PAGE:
Open main menu
View of Tell Barri (northeastern Syria) from the west
View of the Citadel of Aleppo (northern Syria), built on top of a tell occupied since at least the third millennium BC

In archaeology, a tell, or tel (derived from Arabic: تَل‎, tall or Hebrew: תלtell, 'hill' or 'mound' ),[1][2] is an artificial mound formed from the accumulated refuse of generations of people living on the same site for hundreds or thousands of years. A classic tell looks like a low, truncated cone with sloping sides[3] and can be up to 30 metres high.[4]

Tells are most commonly associated with the archaeology of the ancient Near East, but they are also found elsewhere, such as Central Asia, Eastern Europe,[5] West Africa[6] and Greece.[7][8] Within the Near East, they are concentrated in less arid regions, including Upper Mesopotamia, the Southern Levant, Anatolia and Iran, which had more continuous settlement.[4]


View of an excavation area at Tell Barri (northeastern Syria). Note the person standing in the middle for scale.

A tell is an artificial hill created by many generations of people living and rebuilding on the same spot. Over time, the level rises, forming a mound.[9] The single biggest contributor to the mass of a tell are mud bricks, which disintegrate rapidly. Excavating a tell can reveal buried structures such as government or military buildings, religious shrines, and homes, located at different depths depending on their date of use. They often overlap horizontally, vertically, or both. Archaeologists excavate tell sites to interpret architecture, purpose, and date of occupation.

See alsoEdit


  1. ^ "tell". Oxford English Dictionary (3rd ed.). Oxford University Press. September 2005. (Subscription or UK public library membership required.)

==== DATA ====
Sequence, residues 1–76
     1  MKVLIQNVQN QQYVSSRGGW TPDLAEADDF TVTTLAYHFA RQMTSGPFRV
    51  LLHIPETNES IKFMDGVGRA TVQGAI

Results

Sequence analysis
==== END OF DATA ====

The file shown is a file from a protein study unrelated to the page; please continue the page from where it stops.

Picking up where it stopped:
2. ^ Kirkpatrick, E. M. (1983). Chambers 20th Century Dictionary (New ed.). Edinburgh: W & R Chambers Ltd. p. 1330. ISBN 978-0-550-10234-8.
  3. ^ "Archaeology of Palestine", Art of Excavating a Palestinian Mound, William Foxwell Albright, 1960, p. 16
  4. ^ a b Wilkinson, Tony J. (2003). Archaeological Landscapes of the Near East. Tucson, AZ: University of Arizona Press. pp. 100–127. ISBN 978-0-8165-2173-9 – via Internet Archive.
  5. ^ Bailey, Douglass W.; Tringham, Ruth; Bass, Jason; Stevanović, Mirjana; Hamilton, Mike; Neumann, Heike; Angelova, Ilke; Raduncheva, Ana (1998-01-01). "Expanding the Dimensions of Early Agricultural Tells: The Podgoritsa Archaeological Project, Bulgaria". Journal of Field Archaeology. 25 (4): 373–396. doi:10.1179/009346998792005298. ISSN 0093-4690.
  6. ^ MacDonald, Kevin C. (1997). "More forgotten tells of Mali: an archaeologist's journey from here to Timbuktu". Archaeology International. 1 (1): 40–42. doi:10.5334/ai.0112.
  7. ^ Davidson, Donald A.; Wilson, Clare A.; Lemos, Irene S.; Theocharopoulos, S. P. (2010-07-01). "Tell formation processes as indicated from geoarchaeological and geochemical investigations at Xeropolis, Euboea, Greece". Journal of Archaeological Science. 37 (7): 1564–1571. doi:10.1016/j.jas.2010.01.017.
  8. ^ Kotsakis, Kostas (1999). "What Tells can Tell: Social Space and Settlement in the Greek Neolithic". In Halstead, Paul (ed.). Neolithic Society in Greece. Sheffield: Sheffield Academic Press. ISBN 9781850758242.
  9. ^ "Amateur Archaeologists Get the Dirt on the Past", New York Times

Further readingEdit